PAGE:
Your body language and posture during an interview is an important parameter you will be gauged on. It is safe to say your interview starts from the moment you enter the interview lobby. You might also be judged on your conduct while you are waiting your turn, the way you engage with the first person you come across in the organisation, your handshake and you composure. Organisations in a sector where interpersonal skills carry more importance evaluate and emphasise more on these factors.
8. Be relaxed and give your best shot
An interview setting can be intimidating for a lot of candidates. Take a pause, step back and breathe before entering the interview room. Enter with a smile and follow it with a firm hand shake and eye contact. You should be precise with your answers and refrain from being too verbose. Being verbose may be an indicator of you not being sure of the answers. Let the interviewer complete their question before you start answering. Compose your thoughts before answering and recollect the responses you have prepared for. Remember, a constructive interview is the one which has a to and fro interaction. Try not to be too aggressive or submissive in your answers. In case of contradicting opinions, try putting across your point, whilst acknowledging the interviewers point of view as you both might have situational references for your opinions. Refrain from maintain a mono tone during your interview, however avoid being too loud. Use hand gestures where needed. At the end of the interview express your willingness to answer any further questions and let the interviewer know you are approachable if they need any further information from you.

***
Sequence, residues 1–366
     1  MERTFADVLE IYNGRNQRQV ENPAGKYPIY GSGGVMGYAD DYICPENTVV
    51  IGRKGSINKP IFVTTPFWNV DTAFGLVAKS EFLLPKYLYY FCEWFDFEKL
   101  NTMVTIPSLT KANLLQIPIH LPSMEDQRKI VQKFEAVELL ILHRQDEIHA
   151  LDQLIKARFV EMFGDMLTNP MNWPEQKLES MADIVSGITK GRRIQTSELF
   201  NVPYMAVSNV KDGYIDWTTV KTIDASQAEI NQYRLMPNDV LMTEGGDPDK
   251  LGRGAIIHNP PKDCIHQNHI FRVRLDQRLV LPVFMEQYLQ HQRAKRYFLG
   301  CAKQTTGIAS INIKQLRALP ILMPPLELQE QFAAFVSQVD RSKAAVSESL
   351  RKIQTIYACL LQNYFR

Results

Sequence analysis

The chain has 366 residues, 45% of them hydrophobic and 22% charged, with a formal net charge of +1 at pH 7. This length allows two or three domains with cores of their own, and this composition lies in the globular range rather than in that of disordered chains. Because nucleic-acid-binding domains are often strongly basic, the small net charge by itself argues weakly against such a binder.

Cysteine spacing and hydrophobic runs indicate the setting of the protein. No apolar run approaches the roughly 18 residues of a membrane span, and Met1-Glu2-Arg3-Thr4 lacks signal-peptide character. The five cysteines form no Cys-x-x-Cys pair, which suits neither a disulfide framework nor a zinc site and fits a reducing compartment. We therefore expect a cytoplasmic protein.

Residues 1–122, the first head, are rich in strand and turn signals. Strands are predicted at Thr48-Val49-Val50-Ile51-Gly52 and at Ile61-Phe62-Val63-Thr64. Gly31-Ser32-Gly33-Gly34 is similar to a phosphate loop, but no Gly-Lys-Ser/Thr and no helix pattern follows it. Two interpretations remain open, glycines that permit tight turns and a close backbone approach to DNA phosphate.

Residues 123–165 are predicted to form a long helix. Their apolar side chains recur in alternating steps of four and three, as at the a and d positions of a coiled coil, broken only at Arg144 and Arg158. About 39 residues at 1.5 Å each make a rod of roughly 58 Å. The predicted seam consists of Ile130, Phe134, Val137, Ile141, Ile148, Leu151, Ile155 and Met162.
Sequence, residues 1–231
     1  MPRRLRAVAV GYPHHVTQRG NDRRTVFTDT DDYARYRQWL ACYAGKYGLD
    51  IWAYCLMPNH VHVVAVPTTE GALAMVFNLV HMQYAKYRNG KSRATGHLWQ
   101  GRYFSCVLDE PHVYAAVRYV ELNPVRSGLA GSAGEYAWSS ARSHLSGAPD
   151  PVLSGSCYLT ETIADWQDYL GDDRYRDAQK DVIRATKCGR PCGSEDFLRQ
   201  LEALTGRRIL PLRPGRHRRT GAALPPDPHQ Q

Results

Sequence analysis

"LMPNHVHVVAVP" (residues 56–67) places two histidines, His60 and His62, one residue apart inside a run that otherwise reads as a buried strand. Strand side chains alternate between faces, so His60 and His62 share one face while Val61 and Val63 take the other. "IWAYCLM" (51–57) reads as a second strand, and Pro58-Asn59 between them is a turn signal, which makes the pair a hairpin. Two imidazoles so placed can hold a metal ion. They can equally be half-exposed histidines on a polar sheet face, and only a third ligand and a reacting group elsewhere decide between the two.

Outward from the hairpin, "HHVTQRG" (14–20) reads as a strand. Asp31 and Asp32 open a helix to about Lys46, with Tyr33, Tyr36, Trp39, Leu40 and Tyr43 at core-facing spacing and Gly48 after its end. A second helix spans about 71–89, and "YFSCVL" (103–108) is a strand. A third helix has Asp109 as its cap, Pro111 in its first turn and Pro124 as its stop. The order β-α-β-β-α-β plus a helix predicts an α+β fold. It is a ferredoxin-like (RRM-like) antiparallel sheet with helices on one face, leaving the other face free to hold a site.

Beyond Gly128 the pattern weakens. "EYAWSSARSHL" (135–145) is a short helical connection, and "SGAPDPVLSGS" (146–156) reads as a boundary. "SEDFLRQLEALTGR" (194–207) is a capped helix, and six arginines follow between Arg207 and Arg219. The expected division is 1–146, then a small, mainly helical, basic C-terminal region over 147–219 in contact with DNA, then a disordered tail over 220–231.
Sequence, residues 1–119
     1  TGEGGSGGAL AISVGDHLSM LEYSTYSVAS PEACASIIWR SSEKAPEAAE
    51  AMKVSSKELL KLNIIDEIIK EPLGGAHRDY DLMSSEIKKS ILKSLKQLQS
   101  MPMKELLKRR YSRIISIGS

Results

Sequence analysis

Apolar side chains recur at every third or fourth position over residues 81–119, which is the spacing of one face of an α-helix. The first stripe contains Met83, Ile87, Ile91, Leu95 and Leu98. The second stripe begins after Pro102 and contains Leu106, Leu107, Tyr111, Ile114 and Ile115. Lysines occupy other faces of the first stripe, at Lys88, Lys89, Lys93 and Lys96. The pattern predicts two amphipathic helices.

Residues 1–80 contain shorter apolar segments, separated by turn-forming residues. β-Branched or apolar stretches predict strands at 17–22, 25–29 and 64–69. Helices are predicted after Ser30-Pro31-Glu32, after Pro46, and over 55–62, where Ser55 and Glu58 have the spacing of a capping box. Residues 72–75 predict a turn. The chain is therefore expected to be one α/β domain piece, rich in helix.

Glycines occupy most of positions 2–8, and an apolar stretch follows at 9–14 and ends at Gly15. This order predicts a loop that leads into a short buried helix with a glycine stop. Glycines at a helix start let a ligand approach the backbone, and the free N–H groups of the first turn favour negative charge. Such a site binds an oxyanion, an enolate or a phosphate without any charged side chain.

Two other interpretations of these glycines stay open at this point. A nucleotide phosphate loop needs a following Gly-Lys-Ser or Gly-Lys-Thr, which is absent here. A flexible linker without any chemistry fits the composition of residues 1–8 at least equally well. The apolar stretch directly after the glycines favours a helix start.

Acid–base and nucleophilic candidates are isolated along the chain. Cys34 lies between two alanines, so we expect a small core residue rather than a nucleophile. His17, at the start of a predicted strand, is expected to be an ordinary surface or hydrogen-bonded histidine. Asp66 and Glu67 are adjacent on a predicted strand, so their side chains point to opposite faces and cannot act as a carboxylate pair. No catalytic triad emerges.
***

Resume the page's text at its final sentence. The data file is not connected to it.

9. Build a rapport and follow up
Build a rapport with your recruitment consultant. This will make you feel comfortable in sharing your thoughts with them and getting honest feedback. You can send across an appreciation email and remain engaged with them. This way you will be building a long term relationship with the person and that may be useful in the future as well.
One must always remember, every interview one goes through will be a learning experience and successful or not, it will help you refine your interview skills.